Filmmaker, Tan Chui Mui sits down to discuss their achievements and aspirations.
From her humble beginnings in Kampung Sungai Ular in Kuantan, Pahang, Malaysia, award-winning director Tan Chui Mui is now a mainstay fixture in the indie film circuit, both locally and abroad. A decade ago, her debut feature Love Conquers All nabbed the New Currents award in Pusan and the Tiger award in Rotterdam. Together with pioneering art house filmmakers James Lee and Amir Muhammad, her works shine as the centerpiece of Malaysia’s modern cinema movement.
Growing up in a small fishing village, Mui had no access to the independent film world. Instead, she resorted to trips to the local video rental store to spark her imagination, which today, translates marvelously onto film. When asked if there was a defining film that shaped her early filmmaking ambitions, she makes a surprising confession: “I gathered inspiration from things I read rather than from watching movies. I actually wanted to be writer more than film director.”
Although, her full-length features have brought her a considerable amount of recognition, Mui still prefers making short films. “When I make short films, there is no commercial obligation. There is no pressure to show in cinema, so you can see it as a personal exercise or experiment to try new things,” she explains. Like most screenwriters, she has a certain way of working. We learn that when writing a script she often writes the ending first and tries to isolate herself from real world distractions. “Sometimes I go to a chalet on some secluded island like Cherating or Tioman for two weeks with no contact from the outside world,” she says. “Although I am not always successful, but you have to try out different ways of working.”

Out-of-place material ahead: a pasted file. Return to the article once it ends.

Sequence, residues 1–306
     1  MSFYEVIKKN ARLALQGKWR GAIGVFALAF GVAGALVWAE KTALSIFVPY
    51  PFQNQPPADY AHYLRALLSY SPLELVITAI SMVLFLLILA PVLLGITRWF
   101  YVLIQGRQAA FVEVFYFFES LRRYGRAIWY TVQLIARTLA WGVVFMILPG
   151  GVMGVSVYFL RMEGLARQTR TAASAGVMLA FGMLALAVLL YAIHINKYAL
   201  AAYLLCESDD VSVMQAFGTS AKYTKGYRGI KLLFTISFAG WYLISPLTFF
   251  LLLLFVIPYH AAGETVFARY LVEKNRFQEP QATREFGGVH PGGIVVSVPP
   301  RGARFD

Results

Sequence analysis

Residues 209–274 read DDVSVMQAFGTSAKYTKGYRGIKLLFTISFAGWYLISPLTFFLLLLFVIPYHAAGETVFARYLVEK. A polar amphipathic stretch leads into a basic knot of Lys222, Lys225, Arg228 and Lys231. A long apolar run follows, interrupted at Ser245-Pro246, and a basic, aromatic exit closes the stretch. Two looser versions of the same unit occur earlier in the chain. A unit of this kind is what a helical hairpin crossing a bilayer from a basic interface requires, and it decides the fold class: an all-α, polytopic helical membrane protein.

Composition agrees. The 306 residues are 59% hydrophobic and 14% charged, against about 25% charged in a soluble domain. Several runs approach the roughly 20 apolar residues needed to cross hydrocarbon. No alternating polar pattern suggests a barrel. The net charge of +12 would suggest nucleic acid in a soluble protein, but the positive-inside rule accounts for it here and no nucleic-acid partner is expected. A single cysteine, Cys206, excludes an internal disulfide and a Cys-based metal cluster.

For Mui, growing up in a small town had its limitations, but it served as a rich drawing ground for inspiration in the later part of her career. Her first feature length film, Love Conquers All, tells the story of a small town girl who travels to Kuala Lumpur in search for brighter horizons only to lose herself in the glare of the city lights, while her second feature length film, The Year Without Summer, was shot entirely in her hometown of Pahang. Evidently, as director, she is at her best oscillating between past and present, where her directorial guidance always produces wonderful, compelling narratives about growth and redemption.